(Adds governor comments)
BUCHAREST, April 5 Romania's central bank left
its benchmark interest rate unchanged at a
record-low 1.75 percent on Wednesday, as expected, balancing low
inflation against underlying pressure from rising wages.
Governor Mugur Isarescu said inflation would remain
significantly below the central bank's 1.5-3.5 percent target in
the coming months and likely push through the lower margin
towards the end of the year.
Inflation edged up 0.2 percent on the year in February.
Consumer prices were in negative territory throughout 2016,
driven by tax cuts and low fuel and energy prices.
The central bank forecasts inflation will reach 1.7 percent
by the end of the year. But it expects wage rises and strong
consumption to push inflation to 3.4 percent by the end of 2018.
The net average monthly wage rose by 18.4 percent to 2,300
lei ($542.08) in January, driven by labour shortages and sharp
hikes in the public sector. The government plans more hikes over
four years under a single wage bill for public administration.
Romania is the European Union's second poorest country.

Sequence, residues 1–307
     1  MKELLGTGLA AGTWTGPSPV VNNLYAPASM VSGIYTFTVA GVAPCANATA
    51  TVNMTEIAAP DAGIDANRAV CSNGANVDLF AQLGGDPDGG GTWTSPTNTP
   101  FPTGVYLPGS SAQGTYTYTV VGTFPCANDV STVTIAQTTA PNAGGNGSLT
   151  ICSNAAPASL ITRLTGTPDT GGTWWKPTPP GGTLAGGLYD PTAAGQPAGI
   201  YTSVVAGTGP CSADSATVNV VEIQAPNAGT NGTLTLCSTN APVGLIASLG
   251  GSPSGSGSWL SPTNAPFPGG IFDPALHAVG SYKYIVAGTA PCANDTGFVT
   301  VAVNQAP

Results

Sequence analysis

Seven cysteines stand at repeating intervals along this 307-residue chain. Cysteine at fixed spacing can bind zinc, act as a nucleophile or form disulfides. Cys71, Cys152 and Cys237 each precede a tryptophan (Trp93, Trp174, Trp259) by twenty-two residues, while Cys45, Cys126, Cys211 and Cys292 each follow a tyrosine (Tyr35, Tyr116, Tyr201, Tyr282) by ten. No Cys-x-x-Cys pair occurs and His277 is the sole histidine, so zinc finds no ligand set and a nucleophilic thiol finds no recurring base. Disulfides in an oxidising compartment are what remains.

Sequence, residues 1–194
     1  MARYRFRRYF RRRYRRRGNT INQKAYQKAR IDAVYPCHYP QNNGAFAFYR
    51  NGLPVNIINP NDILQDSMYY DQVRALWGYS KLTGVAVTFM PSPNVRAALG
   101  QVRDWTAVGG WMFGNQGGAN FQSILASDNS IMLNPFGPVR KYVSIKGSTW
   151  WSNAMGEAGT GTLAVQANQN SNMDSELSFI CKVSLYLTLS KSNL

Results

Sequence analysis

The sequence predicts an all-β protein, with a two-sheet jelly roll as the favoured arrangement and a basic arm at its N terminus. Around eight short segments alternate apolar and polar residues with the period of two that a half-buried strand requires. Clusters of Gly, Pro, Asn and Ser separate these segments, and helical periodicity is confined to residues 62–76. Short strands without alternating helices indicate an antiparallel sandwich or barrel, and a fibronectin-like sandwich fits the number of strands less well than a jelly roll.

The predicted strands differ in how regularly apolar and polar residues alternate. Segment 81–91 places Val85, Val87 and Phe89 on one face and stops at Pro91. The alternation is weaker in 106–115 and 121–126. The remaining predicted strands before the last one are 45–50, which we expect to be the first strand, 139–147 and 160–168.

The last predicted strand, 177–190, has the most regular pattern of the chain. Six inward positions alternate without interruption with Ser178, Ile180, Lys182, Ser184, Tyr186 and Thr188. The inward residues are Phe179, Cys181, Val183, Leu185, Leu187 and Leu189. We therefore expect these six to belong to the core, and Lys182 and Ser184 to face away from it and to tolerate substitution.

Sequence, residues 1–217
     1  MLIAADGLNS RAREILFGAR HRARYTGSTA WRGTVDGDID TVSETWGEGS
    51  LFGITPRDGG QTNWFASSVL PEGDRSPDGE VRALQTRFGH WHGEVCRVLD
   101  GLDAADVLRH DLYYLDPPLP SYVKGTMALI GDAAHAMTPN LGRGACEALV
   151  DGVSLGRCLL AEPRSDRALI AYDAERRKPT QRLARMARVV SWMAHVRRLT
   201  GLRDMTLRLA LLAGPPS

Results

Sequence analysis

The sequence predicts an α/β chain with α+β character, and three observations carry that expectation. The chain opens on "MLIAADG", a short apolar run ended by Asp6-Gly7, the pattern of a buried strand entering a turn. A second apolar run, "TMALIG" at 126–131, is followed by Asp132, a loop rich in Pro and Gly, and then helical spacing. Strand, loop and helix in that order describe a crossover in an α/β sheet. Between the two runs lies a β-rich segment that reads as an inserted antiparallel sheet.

"There are labour shortages in several sectors," Isarescu
said. "Wage rises are inevitable and ... what must be done is to
keep them under control in a reasonable manner. Wage rises are
not ... a problem, but their scope and dosage are."
The central bank has kept its benchmark rate steady at 1.75
percent since May 2015.
It has signalled that it may first shift monetary policy not
via its key rate but by narrowing the gap between its lending
and deposit rates, which would in turn affect interbank rates.
On Wednesday, Isarescu said the bank's goal was to narrow
the corridor to 1 percentage point from the current 1.5 percent
to boost the effectiveness of its benchmark rate, but that the
timing of such a move depended on short-term capital inflows.
"Narrowing the corridor to plus/minus 1 percent is a stated
goal and ... it depends on capital flows. Short-term capital
inflows are not sustainable, it is one of the big problems
exposed by the financial crisis and ... especially so for
The leu was up 0.3 percent on the day against the
euro at 1445 GMT.
Isarescu also said the bank would continue to look for
windows of opportunity to further cut minimum reserve
requirements for commercial banks’ hard-currency liabilities.
(Reporting by Luiza Ilie; editing by Mark Heinrich)